American Crime Story: Monica Lewinsky writes her own Scarlet Letter

A photograph showing former White House intern Monica Lewinsky meeting President Bill Clinton at a White House function submitted as evidence in documents by the Starr investigation and released by the House Judicary committee on Sept. 21, 1998.
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By Luz Lancheros, MWN

Monica Lewinsky wasn’t the first woman in history to have an affair with her boss. But as in all stories where it ends badly, the one in power remains untouchable and she – like Hester Prynne, the ill-fated protagonist of Nathaniel Hawthorne’s “The Scarlet Letter” – didn’t have to wear a letter sewn into her clothes, but suffered the same opprobrium. In the sexist 1990s, she bore the brunt of all the teasing, stigma, harassment and threats for having a “consensual” relationship with a married man.

Lewinsky, who was a White House intern at that time, was 24 years old in 1998 and had no public support while her name was in the hands of the media, she was threatened with prison and consultant Kenneth Starr used everything he had to coerce her in his famous “Starr Report,” frighten her and destroy her life if she did not show proof of their relationship. 

And all for believing that Bill Clinton, her boss and the most powerful man in the world, “loved” her because she gave him oral sex in the Oval Office.

So, after she confided the details to her friend Linda Tripp, who recorded their conversations and Paula Jones accused Clinton of sexual harassment, everything was turned over to Kenneth Starr, the independent counsel who blew it all up. Lewinsky claimed at the time that she had sexual encounters with Clinton, who denied everything. This led to him being charged with perjury and an impeachment trial from which he was exonerated.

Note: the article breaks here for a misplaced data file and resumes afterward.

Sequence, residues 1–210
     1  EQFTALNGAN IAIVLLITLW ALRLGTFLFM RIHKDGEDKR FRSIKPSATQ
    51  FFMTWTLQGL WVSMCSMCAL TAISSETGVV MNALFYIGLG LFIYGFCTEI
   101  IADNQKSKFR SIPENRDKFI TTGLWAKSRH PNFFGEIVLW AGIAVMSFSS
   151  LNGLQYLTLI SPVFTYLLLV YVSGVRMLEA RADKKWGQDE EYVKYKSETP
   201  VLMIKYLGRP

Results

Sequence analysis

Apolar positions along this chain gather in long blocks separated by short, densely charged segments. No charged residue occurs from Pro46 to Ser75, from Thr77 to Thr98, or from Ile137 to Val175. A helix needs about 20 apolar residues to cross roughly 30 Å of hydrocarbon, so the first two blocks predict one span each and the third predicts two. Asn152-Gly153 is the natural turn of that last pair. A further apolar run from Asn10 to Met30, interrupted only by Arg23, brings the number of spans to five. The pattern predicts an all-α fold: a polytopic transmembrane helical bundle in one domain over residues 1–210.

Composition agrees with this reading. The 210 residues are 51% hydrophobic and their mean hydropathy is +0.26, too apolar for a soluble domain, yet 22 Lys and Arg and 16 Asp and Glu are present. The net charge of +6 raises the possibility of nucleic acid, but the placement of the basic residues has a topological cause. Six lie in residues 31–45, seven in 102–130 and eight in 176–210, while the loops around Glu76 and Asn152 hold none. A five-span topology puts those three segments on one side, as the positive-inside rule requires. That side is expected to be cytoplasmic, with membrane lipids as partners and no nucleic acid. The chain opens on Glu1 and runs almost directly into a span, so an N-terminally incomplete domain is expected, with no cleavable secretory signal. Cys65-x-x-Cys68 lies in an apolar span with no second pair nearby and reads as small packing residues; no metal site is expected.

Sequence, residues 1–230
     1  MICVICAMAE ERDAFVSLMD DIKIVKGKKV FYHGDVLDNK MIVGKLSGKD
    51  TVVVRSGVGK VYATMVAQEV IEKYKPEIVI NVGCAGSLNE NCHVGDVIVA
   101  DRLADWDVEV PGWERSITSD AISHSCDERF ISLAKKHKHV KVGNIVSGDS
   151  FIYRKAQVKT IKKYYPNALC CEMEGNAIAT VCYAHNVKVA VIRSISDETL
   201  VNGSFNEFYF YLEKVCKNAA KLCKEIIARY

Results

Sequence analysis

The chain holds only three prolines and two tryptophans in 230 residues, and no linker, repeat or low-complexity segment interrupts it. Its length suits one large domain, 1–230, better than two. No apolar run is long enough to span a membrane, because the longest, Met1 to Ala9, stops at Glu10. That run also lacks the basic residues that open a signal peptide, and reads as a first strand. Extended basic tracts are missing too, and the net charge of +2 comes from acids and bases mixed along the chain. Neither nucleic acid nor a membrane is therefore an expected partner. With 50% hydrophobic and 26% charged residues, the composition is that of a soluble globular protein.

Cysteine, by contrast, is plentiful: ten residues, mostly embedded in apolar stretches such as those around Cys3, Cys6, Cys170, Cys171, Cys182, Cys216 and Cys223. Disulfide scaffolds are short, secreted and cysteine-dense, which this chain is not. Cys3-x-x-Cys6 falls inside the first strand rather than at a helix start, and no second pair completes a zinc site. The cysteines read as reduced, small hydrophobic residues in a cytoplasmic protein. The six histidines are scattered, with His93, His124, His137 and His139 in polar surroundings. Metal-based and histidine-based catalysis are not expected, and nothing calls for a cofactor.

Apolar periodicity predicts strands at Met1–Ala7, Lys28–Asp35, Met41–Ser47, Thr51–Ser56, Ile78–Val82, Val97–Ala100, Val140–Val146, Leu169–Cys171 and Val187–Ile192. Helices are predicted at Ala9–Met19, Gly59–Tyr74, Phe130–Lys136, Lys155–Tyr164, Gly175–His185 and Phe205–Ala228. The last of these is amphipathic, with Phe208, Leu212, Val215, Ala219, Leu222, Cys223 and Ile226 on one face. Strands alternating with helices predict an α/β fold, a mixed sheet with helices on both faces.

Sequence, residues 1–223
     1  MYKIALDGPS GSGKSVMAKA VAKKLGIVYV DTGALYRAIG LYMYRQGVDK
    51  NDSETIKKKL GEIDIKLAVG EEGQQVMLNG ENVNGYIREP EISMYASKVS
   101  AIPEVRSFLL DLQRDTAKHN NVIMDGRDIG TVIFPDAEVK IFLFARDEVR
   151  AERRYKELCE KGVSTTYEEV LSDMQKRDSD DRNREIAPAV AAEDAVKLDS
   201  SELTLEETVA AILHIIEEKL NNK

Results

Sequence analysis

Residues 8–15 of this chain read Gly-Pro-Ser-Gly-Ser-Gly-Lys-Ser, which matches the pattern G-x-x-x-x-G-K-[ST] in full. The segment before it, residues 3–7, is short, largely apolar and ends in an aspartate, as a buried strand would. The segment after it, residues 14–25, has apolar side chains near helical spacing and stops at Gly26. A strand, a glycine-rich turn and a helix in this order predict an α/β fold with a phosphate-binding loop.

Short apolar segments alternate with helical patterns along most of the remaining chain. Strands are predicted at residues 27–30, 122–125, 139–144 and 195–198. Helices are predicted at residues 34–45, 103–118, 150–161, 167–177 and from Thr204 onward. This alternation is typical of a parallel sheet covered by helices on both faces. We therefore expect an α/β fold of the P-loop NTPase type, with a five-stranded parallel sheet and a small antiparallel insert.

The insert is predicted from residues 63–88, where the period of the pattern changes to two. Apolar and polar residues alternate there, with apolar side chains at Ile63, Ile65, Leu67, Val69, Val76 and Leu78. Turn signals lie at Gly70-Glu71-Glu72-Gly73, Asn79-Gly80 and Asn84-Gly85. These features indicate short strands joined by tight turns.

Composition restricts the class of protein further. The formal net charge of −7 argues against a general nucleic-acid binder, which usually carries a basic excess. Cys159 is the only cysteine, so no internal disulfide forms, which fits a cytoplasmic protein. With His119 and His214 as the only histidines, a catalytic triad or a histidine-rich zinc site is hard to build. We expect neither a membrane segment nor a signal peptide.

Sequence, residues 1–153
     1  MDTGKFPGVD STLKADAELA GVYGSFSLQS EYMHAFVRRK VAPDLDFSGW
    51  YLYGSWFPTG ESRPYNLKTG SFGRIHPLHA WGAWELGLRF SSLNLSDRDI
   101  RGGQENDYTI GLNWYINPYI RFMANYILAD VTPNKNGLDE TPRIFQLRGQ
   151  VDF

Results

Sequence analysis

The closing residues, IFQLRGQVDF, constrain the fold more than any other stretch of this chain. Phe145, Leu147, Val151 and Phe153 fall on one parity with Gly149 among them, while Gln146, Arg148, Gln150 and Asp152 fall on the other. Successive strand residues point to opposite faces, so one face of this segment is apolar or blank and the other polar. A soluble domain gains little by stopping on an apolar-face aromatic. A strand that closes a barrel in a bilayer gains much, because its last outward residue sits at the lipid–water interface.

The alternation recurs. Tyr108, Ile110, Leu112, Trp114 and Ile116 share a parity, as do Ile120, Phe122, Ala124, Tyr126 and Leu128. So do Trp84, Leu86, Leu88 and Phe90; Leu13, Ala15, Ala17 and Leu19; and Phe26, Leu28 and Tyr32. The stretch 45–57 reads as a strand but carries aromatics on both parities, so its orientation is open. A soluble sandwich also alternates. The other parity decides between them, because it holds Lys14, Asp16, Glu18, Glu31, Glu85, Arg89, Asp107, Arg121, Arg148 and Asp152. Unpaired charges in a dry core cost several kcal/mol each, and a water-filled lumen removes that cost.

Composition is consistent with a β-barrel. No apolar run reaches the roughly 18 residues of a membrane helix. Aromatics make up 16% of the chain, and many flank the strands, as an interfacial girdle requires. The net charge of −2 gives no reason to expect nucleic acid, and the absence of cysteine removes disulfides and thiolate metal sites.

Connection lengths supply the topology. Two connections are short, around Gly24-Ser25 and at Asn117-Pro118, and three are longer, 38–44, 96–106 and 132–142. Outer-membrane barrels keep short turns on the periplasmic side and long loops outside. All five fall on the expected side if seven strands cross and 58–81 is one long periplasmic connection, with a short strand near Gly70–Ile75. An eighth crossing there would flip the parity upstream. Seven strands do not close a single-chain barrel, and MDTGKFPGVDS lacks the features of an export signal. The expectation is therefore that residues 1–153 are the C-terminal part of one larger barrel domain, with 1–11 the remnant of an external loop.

What about Monica? She was diagnosed with post-traumatic stress disorder. And, above all, because she was never able to defend herself.

“Every adult with a modem could instantaneously peruse a copy and learn about my private conversations, my personal musings (lifted from my home computer), and, worse yet, my sex life,” she wrote for Vanity Fair 20 years after “Monicagate.”

But Lewinsky survived.

She became an activist against online harassment. And then came #MeToo with major figures reevaluating her story, stating that Clinton had abused his power. Lewinsky started to tell her side of the story— how she had to keep quiet, how no one listened to her, and how she was the first major victim of media harassment before social media existed. But in a long game, there’s payback…

“No one should tell this story but you.”

That’s what producer and creator of several pop culture stories, Ryan Murphy, told Lewinsky when asking her to become the producer of the new series. Murphy based it on the book “A Vast Conspiracy: The Real Story of the Sex Scandal That Nearly Brought Down a President” by Jeffrey Toobin and got the rights in 2017, but he didn’t want to do anything without her approval:

“I told her, ‘Nobody should tell your story but you, and it’s kind of gross if they do.’ If you want to produce it with me, I would love that,'” he said at the time.

Lewinsky is grateful that she was finally able to find her own voice.

“I’m so grateful for the growth we’ve made as a society that allows people like me who have been historically silenced to finally reintroduce my voice to the conversation. This isn’t just a me problem. Powerful people, often men, take advantage of those subordinate to them in myriad ways all the time. Many people will see this as such a story and for that reason, this narrative is one that is, regretfully, evergreen,” she told Vanity Fair. 

‘Impeachment: American Crime Story’ premieres on Sept. 7 on FX. 

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